Ballmer tells MS troops to work harder, spend less
Return to the 'old days' - we must have missed them...
Microsoft president Steve Ballmer is planning cutbacks - maybe. In a 4,000 word memo to staff leaked to CNet,* and followed up by a company-wide webcast on Tuesday, Ballmer called for a return to "the kind of cost-conscious culture that marked Microsoft's earlier years," and said investment would be scaled back from the original 2001 plan.
But his clarion call seems to have been somewhat short on specifics. He intends to cut back on travel and entertainment and "reduce planned expenditures very significantly both in the short term and over the longer term." He also cited the removal of two features from Office 10 as a kind of example, in that it allowed Microsoft to put more development effort behind the next version SQL Server.
The company isn't going to let staff go, and is still going invest in existing employees and hire great new people. And it's still going to build great new platforms like the Tablet PC and Xbox. But that, folks, is about it.
You do however begin to get the drift. Microsoft is going to carry on spending on development, but will try to focus it more, doing a better job of hitting schedules with new products and chopping features if this is needed to make the deadlines and meet the budgets. Ballmer spoke of Whistler as the most important release of Windows since Win95 (there, and you thought that was Win2k), so we can expect the company to be determined to ship this one on time. We can also presume equal determination to ship Xbox on time, although Ballmer doesn't seem to have mentioned this.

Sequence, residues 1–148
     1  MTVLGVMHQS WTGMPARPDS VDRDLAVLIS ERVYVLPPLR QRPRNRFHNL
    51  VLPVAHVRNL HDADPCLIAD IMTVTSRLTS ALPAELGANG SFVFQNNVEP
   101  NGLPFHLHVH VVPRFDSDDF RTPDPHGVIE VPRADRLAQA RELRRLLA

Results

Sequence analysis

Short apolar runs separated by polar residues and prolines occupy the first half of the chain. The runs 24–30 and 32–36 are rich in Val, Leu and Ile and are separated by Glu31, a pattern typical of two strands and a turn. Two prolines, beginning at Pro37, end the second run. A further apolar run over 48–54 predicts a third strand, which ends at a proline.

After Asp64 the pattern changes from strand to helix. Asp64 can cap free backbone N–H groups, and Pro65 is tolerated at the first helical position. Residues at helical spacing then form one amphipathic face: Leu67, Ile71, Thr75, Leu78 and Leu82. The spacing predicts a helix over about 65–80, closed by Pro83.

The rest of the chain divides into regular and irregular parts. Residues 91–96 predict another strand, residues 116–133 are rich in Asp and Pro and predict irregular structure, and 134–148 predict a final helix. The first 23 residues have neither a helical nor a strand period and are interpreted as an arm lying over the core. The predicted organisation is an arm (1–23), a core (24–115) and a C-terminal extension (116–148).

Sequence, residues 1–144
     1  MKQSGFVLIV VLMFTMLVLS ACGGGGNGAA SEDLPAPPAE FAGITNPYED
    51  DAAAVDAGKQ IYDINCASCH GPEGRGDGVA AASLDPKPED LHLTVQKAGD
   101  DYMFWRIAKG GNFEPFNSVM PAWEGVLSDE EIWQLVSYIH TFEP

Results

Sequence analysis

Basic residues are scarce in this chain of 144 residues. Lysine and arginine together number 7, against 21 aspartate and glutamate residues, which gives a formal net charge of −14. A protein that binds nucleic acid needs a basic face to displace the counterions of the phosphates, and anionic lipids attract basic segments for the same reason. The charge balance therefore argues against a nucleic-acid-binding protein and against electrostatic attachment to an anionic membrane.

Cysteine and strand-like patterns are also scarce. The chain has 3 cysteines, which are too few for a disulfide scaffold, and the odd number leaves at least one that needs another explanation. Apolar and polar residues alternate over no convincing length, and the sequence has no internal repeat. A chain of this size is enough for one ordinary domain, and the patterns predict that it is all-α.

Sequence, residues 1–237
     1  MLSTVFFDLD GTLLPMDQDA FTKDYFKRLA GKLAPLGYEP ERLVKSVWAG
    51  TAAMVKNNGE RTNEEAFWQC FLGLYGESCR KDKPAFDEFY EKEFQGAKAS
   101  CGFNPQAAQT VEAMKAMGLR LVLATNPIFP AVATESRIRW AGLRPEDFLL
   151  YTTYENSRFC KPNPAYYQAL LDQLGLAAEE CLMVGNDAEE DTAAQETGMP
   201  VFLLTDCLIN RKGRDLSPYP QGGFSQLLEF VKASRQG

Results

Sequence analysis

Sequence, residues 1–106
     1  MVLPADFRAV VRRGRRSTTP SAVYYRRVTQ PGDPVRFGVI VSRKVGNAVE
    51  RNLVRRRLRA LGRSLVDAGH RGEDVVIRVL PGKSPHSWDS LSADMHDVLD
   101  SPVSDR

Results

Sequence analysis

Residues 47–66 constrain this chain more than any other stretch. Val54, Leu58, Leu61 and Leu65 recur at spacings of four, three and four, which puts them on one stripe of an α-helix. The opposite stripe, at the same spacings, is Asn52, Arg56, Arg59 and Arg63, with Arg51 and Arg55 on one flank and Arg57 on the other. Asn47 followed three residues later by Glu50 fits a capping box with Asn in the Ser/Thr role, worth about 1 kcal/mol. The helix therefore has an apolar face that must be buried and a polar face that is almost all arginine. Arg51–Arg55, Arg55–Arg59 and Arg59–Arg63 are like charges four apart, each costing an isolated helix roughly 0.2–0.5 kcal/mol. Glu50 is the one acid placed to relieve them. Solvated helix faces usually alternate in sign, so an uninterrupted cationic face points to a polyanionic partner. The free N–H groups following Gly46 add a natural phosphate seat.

On the staffing side, he's probably trying to encourage managers to avoid throwing money away on unnecessary hires, and to imbue employees with a more realistic and less spendthrift culture. It's more complicated than that, however, as Microsoft staff historically haven't been that well-rewarded in terms of salary, and stock options have played a major role in keeping them sweet. This clearly doesn't work right now, and probably won't for the foreseeable future, and his assurances that the company will continue to view people as its most valuable resource have to be viewed in the light of his previous comments on the subject.
Ballmer has committed Microsoft to increasing remuneration, but has made it clear this will be performance-related, which means those viewed as the best and brightest are rewarded, while the "underformers" do worse than under the previous regime. It might be putting it too strong to suggest that fear stalks the corridors, but it's reasonable to assume that at least some of the staff are at least a little apprehensive.
But while the grunts can expect to have the fun stuff like travel and expenses clamped down on, and to be 'incentivised' into greater productivity, it's practically impossible to see Microsoft cutting back on the big ticket priorities. Ballmer's "seven business priorities" for 2001 are the ones we all knew about already (Windows, productivity software, enterprise server software and tools, MSN, small business applications, devices, and .Net), so no major chops there, and without the real Microsoft major expense, marketing, Microsoft wouldn't be Microsoft.
The company will no doubt try to squeeze ever more money out of the OEMs (we hear a price hike is impending) and its customers, so no change there either. But it's maybe conceivable that something unpleasant might happen to Microsoft Research, whose ability to produce "great new technologies" has been less than stellar. Being a smart cookie, Ballmer might just see this as an easy cut.
Otherwise, it really boils down to getting the troops to work harder and spend less. This is a culture/expectations gambit he's playing. ®
* We note that down the bottom it says that Mary-Jo 'Secret Files' Foley "contributed to this report." Presumably she gave the email to Joe Wilcox because her trunk's full already...
Sponsored: Navigating the threat landscape